A PROJECT to restore an antiquated lifeboat from the White Star liner Oceanic to its former glory is nearing completion.
The wooden boat fell into Shetland’s hands in 1914 after its ship, which was being used by the navy at the time in World War I, grounded off the east coast of Foula.
Shetland Museum and Archives curator Ian Tait has been overseeing a project to restore the lifeboat and he says it is now “95 per cent” complete.
The finished article is expected to go on show at the museum’s new boat store at Lerwick’s Staney Hill this summer.
Parent organisation Shetland Amenity Trust recently secured funding for a traditional boat building apprenticeship scheme that will include the restoration of the lifeboat, which was built in 1899 in Belfast.
After local boat builders Robbie Tait and Jack Duncan restored the woodwork, the majority of the work left just involves painting.
Tait said that the restoration should be wrapped up by July or August, and he hopes visitors to the boat shed in early summer will catch a first-hand look at the painting process.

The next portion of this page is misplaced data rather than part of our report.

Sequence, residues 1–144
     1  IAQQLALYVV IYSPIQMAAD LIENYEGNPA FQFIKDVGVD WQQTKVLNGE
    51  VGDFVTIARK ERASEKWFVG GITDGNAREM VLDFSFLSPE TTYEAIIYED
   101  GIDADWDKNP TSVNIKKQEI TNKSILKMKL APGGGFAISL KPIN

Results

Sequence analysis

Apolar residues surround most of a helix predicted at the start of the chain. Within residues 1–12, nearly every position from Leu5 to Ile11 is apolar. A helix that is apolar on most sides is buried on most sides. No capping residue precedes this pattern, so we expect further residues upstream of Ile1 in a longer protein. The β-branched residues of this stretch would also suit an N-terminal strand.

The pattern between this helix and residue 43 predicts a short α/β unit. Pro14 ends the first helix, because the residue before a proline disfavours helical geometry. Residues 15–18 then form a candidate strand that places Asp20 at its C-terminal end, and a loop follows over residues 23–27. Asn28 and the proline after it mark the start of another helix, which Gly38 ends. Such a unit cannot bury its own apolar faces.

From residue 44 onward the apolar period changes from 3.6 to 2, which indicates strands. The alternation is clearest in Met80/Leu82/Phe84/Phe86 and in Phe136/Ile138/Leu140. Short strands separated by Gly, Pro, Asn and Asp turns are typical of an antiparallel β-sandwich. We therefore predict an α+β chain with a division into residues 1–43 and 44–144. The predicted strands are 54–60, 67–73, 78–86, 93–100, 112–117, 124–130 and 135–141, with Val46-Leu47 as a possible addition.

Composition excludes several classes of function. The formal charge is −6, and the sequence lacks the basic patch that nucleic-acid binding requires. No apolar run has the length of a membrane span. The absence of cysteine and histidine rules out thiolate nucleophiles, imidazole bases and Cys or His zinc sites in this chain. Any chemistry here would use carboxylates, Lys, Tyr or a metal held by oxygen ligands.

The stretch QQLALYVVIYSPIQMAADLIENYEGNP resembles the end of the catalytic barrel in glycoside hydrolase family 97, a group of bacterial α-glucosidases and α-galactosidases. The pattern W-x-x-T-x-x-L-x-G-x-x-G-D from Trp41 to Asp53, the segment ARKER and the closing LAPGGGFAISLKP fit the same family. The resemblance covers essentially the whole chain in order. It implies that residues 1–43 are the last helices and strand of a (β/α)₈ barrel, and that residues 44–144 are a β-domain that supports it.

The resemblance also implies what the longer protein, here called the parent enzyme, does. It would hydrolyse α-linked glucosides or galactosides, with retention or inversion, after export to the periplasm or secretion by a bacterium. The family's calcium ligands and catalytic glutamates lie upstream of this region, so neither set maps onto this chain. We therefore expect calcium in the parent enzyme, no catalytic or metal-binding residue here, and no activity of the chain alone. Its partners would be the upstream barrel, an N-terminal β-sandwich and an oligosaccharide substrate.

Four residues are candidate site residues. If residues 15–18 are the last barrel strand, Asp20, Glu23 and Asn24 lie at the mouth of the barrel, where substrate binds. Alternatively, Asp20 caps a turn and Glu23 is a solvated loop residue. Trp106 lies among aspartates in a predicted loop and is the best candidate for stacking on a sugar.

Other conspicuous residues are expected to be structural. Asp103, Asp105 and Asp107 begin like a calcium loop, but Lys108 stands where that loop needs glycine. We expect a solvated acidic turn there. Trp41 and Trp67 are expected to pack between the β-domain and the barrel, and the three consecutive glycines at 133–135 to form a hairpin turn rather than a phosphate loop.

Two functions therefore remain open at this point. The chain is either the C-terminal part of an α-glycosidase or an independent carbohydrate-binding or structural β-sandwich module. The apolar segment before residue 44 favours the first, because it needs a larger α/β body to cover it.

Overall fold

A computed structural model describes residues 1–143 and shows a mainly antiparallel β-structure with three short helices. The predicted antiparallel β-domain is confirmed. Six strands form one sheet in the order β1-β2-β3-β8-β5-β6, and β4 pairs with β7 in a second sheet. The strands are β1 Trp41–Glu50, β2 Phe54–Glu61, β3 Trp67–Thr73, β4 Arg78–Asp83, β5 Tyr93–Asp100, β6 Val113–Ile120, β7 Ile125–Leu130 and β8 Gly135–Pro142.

The boat was the final lifeboat to leave the Oceanic, once the largest ship in the world, after a “navigational blunder” saw it run aground before sinking.
“Popular Shetland mythology has attached to the fact that it was a luxury liner, but it wasn’t here as that,” Tait said.
“The navy had commandeered it to be a war ship – that’s why she was here. The navy operated a fleet of converted merchant ships based in Shetland.
“That squadron was here to implement the blockade on Germany – they were intercepting neutral ships at sea to check their cargo.”
The lifeboat was later sold locally before an engine was fitted to allow it to be used to ferry cargo and passengers between Lerwick and Bressay in the 1920s and ‘30s.
In the 1960s and ‘70s the boat was then used to run sheep between islands in Yell Sound.
“She ultimately ended up abandoned on the beach at Ulsta, and she sat there for some more years,” Tait added.
“For a long time I had my eye on her. I was delighted that the owner got in contact with me and offered her to the museum.”
The curator was surprised by how well of some of the lifeboat’s woodwork survived the elements over the decades.
“All the original wood was in excellent condition,” Tait said, “but all the later stuff was in pretty poor condition.”
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